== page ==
I just loved this book so much. The story is that of Jade, a teenage black girl in Portland, who lives in a poor neighborhood. She gets a scholarshipI just loved this book so much. The story is that of Jade, a teenage black girl in Portland, who lives in a poor neighborhood. She gets a scholarship to attend a school across town, in a wealthy neighborhood, full of wealthy students, most of whom are white. The book travels with her for about a year as she learns to navigate this new world and begins to see how others view the world she comes from.
It deals with all the things you'd think it would deal with, like the fact that her new best friend, who is white, downplays a situation in which Jade is racially profiled, and how uncomfortable she feels in a school with mostly white faces.
But it goes so much deeper into the complicated world this girl lives in. One of the best examples is one of the main plot points, which deals with Jade being assigned a mentor because apparently everyone assumes that since she's from a poor neighborhood, she needs all the help she can get. Jade doesn't really understand this, and as she begins to understand what other people mean by it, she becomes understandably insulted and annoyed. She loves her community and her friends and her family, and she doesn't feel like she needs to be "fixed" as everyone around her keeps implying.
This a complex story that deals with a lot of other issues, including food instability, class dynamics between poor and rich people of color, racial dynamics between white people and people of color, a host of socioeconomic issues, police brutality, #blackslivematter, and just so many relevant issues. I've never read anything quite like this and I'm so glad I did. I hope that it reaches an audience both far and wide because there are a lot of people who need to read this, including people who can relate to Jade and don't often find themselves portrayed in books, as well as people who can't relate at all and need their eyes opened. A+ from me. ...more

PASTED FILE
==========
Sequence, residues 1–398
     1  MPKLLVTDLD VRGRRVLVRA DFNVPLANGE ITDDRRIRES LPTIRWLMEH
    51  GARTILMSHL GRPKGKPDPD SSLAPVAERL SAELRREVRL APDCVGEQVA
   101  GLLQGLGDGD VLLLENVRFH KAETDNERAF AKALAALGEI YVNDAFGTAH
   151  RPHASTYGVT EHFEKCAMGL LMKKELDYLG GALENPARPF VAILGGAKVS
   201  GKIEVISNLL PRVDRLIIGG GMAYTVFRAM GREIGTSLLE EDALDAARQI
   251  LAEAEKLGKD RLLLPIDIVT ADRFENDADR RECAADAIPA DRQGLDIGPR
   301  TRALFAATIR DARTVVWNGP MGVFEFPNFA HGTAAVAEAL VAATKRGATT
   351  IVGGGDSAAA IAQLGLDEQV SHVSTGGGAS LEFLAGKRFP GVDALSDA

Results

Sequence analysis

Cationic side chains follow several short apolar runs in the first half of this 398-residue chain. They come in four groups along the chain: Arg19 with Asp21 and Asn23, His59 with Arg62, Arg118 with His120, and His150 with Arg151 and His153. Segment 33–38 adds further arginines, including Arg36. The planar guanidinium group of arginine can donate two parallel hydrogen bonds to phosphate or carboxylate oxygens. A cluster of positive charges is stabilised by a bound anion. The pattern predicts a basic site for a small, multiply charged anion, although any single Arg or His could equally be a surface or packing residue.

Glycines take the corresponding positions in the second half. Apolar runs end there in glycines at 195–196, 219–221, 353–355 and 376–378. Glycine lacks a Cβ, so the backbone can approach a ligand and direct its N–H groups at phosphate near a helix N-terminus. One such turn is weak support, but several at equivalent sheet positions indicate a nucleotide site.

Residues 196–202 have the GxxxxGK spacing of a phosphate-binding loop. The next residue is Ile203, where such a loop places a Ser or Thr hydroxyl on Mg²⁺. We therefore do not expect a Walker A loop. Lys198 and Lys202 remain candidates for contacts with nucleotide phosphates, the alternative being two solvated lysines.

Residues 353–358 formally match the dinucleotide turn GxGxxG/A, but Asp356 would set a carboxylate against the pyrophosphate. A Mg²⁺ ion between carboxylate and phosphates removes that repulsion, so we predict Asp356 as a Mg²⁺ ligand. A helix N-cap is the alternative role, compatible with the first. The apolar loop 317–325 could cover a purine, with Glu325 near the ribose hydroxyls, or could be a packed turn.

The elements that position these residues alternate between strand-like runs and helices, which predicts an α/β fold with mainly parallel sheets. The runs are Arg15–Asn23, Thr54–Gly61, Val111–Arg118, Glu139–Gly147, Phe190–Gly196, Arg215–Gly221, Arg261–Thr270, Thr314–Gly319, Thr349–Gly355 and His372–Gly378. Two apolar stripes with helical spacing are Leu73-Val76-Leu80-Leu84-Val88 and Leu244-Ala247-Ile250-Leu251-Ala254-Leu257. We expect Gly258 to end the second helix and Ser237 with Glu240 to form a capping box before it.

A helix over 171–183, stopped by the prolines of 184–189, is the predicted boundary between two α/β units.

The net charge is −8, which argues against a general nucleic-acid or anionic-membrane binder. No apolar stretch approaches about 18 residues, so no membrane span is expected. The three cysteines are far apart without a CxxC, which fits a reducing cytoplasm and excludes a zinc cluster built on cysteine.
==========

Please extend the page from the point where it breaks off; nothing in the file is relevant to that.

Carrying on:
Mary-Louise Parker came to Iowa City to promote this book and I didn't even consider going to see her. I assumed this was a "celebrity book" and thougMary-Louise Parker came to Iowa City to promote this book and I didn't even consider going to see her. I assumed this was a "celebrity book" and though I've enjoyed some "celebrity books" (most recently Mindy Kaling's Why Not Me) I didn't have particularly high expectations for Dear Mr. You. I was not prepared by how deeply, deeply affecting it would be.
It is series of letters written to various men in her life (and one woman) both real and imagined. Some are funny. Some are heartbreaking. All are, as I said, deeply affecting. As soon as I finished it I sent a letter to a good friend and asked her, "Would you please do me a huge personal favor? Would you read this book?" I'd never recommended a book to her before but there is a certain audience for this book, people who like slow, thoughtful, pristine prose. People who can appreciate vulnerability and sincerity.
I could have easily devoured this book in a single setting but I'm glad I didn't. I read a letter or two every day and I believe that's how this book was meant to be read. Most letters gave me pause and left me thinking all day about the people in them and the people in my own life.
In short: This is the real deal. Y'all should read it....more
Without question, A Land More Kind Than Home is the best book I've read so far this year. It follows the story of a small, North Carolina church aWithout question, A Land More Kind Than Home is the best book I've read so far this year. It follows the story of a small, North Carolina church and a series of tragedies that befall the parishioners. The writing is breathtaking and impressive in its own right, but I was shocked to see this is Mr. Cash's first novel. This does not read as the first novel of a man who's still learning his way around the narrative process. He's taken off running and his work far exceeds other contemporary 'greats' with dozens of novels under their belts.
The story is told from the first person perspective of a variety of narrators. I sometimes find this type of writing to be clumsy, or to feel gimmicky and unnecessary. That was certainly not the case here. There wasn't a word or phrase out of place, and the variety of voices gave the story a much more interesting and authentic feel.
This is the kind of book that makes you cancel your dinner plans so you can perch uncomfortably on whatever seat is available while you race through the words to try and make sense of it all. Highly recommended....more
I received Diane Keaton's autobiography, Then Again, as a birthday gift. I'm grateful that I did, because if I hadn't I likely would never have piI received Diane Keaton's autobiography, Then Again, as a birthday gift. I'm grateful that I did, because if I hadn't I likely would never have picked up this fascinating, honest, and sometimes (endearingly) depressing book.